19

I think there's a word or an adjective for it, but I don't remember what it was. I don't want to say plan B, because that's too informal, but I remember there was a good word for it. I just don't remember it anymore.

For example:

The army was flanked by the enemies unexpectedly so that the general had to rely on his ___ plan.

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    As a footnote, I found Plan B listed in four dictionaries, and none of them listed it as informal, colloquial, or slang. (There’s nothing wrong with asking for synonyms, but it may not be as informal as you seem to think it is.) – J.R. Apr 13 at 20:02
  • FWIW, I think "backup plan" is more commonplace (at least here in the US) than "fallback plan". Both are acceptable and likely as easily understood by native English speakers pretty much anywhere, but I figured it was worth noting that backup plan seems to be more common. This Google Ngram shows first usage of "backup" in 1958 vs "fallback" in 1964, with backup being ~10x more popular. – Doktor J 2 days ago
40

The Oxford Dictionary has

fallback
NOUN

1 An alternative plan that may be used in an emergency.

Make sure you have a fallback plan in case something goes terribly wrong

So the sentence can be

The army was flanked by the enemies unexpectedly so that the general had to rely on his fallback plan.

In the context, this is particularly apt.

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    "Backup" is one I hear used a lot as well, i.e. "Luckily, he had a backup plan." – Riker Apr 14 at 1:39
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    Sorry, but 'fallback' is a bad choice for this example, since it implies that it involves a retreat of some sort, which is inappropriate at best. – Mike Brockington Apr 15 at 14:08
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    @MikeBrockington You mean, because it sounds like "fall back", its meaning is the same? I disagree. – Mr Lister Apr 15 at 15:44
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    Sometimes "backup" isn't an emergency plan at all but part of the main plan, that is, support. – Weather Vane 2 days ago
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    As a native speaker in the US, this may be a valid word to use but it's rarely used. A backup plan is MUCH more common. – JeffC 2 days ago
113

That's often called a backup plan:

He was used as a backup plan when the remaining members of the gang failed to accomplish their mission.

This usage is also mentioned in Merriam-Webster's definition for backup:

1 a: one that serves as a substitute or support
// I brought an extra pencil for backup.
// a backup plan

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    I don't think backup plan is the most used term. – Kelly Thomas Apr 14 at 9:04
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    That surprises me, but check this graph. It only runs to 2008, and the growth of 'backup plan' might have been halted, but I'm really curious what the frequency nowadays is. – Glorfindel Apr 14 at 13:02
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    I think the term "backup" gained a lot more technical meaning and it simply sounds like something a server administrator does. – Nelson Apr 15 at 4:25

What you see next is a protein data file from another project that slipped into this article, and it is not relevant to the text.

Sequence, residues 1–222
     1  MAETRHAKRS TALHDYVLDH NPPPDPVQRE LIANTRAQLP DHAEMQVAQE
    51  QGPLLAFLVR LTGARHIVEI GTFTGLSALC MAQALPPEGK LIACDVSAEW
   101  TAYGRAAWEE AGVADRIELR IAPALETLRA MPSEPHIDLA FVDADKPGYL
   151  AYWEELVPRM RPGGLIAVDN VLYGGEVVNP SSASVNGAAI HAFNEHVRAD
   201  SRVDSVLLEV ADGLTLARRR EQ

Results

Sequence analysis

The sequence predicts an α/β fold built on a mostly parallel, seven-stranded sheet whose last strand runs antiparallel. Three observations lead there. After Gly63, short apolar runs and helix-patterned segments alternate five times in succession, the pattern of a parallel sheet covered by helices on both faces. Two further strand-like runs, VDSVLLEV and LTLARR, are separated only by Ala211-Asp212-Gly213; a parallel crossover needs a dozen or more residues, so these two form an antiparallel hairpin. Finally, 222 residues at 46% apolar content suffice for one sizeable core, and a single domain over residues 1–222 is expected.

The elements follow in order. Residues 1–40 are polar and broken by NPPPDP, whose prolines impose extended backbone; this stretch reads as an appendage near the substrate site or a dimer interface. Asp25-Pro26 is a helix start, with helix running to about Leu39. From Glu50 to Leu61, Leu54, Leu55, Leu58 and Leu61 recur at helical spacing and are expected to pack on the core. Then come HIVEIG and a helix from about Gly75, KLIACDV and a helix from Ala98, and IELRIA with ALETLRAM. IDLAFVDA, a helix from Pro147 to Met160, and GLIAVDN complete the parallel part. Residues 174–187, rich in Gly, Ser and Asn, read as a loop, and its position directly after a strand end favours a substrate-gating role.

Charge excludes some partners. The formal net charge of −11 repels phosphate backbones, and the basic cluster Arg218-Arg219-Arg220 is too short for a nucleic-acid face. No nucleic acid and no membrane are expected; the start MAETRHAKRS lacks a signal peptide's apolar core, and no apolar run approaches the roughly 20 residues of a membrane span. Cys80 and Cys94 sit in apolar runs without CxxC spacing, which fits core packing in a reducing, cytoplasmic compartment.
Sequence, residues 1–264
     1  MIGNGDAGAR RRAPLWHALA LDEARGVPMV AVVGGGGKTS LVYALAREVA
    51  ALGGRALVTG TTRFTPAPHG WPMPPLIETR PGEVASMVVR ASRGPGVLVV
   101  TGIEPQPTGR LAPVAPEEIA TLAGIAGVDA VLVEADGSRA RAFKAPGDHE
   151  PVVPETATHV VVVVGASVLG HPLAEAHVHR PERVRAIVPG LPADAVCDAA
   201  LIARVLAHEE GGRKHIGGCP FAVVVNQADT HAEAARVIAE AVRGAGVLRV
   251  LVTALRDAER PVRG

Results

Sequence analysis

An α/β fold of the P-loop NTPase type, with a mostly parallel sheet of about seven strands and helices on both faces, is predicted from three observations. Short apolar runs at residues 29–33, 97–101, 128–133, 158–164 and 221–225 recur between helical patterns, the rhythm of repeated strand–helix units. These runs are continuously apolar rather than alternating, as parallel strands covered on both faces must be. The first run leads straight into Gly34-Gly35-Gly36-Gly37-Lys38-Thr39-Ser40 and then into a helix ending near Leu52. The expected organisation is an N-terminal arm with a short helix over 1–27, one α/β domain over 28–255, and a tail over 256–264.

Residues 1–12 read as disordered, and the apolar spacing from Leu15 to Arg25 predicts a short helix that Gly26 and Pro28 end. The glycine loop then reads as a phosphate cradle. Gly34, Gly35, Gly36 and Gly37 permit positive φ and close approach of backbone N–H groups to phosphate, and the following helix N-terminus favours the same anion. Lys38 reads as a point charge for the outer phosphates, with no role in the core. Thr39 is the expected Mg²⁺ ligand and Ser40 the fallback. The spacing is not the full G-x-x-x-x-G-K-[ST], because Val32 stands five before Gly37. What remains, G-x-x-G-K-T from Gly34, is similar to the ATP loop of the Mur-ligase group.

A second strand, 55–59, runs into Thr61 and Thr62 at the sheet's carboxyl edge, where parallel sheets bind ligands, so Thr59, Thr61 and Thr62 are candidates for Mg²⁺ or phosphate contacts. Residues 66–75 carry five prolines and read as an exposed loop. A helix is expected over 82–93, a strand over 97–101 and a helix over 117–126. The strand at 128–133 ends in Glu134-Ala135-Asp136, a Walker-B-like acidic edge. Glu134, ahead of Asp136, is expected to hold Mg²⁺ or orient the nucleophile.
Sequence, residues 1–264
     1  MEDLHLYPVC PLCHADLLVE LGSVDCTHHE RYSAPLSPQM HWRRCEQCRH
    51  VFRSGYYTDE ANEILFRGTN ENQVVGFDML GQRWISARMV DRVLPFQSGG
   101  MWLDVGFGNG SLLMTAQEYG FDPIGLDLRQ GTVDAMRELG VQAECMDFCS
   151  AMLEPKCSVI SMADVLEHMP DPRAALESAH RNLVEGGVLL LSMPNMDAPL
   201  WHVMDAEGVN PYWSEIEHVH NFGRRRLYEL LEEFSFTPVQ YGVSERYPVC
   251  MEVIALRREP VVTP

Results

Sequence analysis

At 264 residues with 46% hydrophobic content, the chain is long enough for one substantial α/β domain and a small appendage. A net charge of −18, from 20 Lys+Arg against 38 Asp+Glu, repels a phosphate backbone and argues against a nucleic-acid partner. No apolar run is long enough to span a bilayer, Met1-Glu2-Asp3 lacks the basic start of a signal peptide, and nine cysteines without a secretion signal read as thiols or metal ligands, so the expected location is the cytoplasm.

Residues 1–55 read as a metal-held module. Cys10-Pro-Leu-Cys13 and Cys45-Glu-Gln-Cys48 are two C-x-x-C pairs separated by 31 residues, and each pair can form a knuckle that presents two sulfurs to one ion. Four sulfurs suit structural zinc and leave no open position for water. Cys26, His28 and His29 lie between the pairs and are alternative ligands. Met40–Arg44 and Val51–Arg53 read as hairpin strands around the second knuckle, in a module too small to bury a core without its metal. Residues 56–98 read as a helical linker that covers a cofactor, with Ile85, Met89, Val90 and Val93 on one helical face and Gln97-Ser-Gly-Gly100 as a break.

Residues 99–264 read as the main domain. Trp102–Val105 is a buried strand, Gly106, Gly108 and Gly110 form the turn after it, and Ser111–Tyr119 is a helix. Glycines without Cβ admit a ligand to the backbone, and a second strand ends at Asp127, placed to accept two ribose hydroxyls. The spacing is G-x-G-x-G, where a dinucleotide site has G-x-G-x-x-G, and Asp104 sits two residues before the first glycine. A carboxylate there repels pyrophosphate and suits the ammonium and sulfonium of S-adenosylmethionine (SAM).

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    @DoctorPenguin yeah I have never heard anyone say "fallback" plan but loads having a backup plan. – WendyG Apr 15 at 11:11
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    Yes, backup plan is the most common in American English: english-corpora.org/coca/?c=coca&q=74949944 – snailboat 2 days ago
73

That could also be called a contingency or a contingency plan. The Oxford Living Dictionaries gives sense 1.1 under noun as :

A provision for a possible event or circumstance.

"stores were kept as a contingency against a blockade"

The process of developing one or several alternate plans is often called contingency planning.

Dictionary.com gives as an example:

Turkey has cooperated at times with Israel and the West on contingency planning for Syria during its civil war. (Israel Bombs Gaza While Hamas’ Kidnapping Mastermind Sits in Turkey|Eli Lake|July 1, 2014|DAILY BEAST)

28

For military purposes, it's Contingency Plan. This is the accepted term as taught in all leadership and mission planning courses, from Basic training to NCO Academy. The terms 'Backup Plan' and 'Fallback Plan' are NEVER used, since they have a negative connotation much in the same vein as 'Retreat'.

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  • 2
    Great answer, especially since the Q has a military example. – Xen2050 Apr 15 at 1:05
  • As do "Abort" and "Surrender". But consider also "Auftragstaktik" borrowed from the German. Only used in very educated circles. – mckenzm Apr 15 at 5:29
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    Not just a negative connotation but also could lead to misunderstandings or ambiguity. "Fallback!" is a pretty clear order to do a pretty clear thing - you don't want a commander telling people to go to the "fallback" plan and have people start running away because they misheard the context. Same reason air traffic control never use the word "takeoff" unless they are telling someone they are clear for takeoff - you don't want someone hearing the word and thinking they've been told to do something they've not. – J... Apr 15 at 14:19

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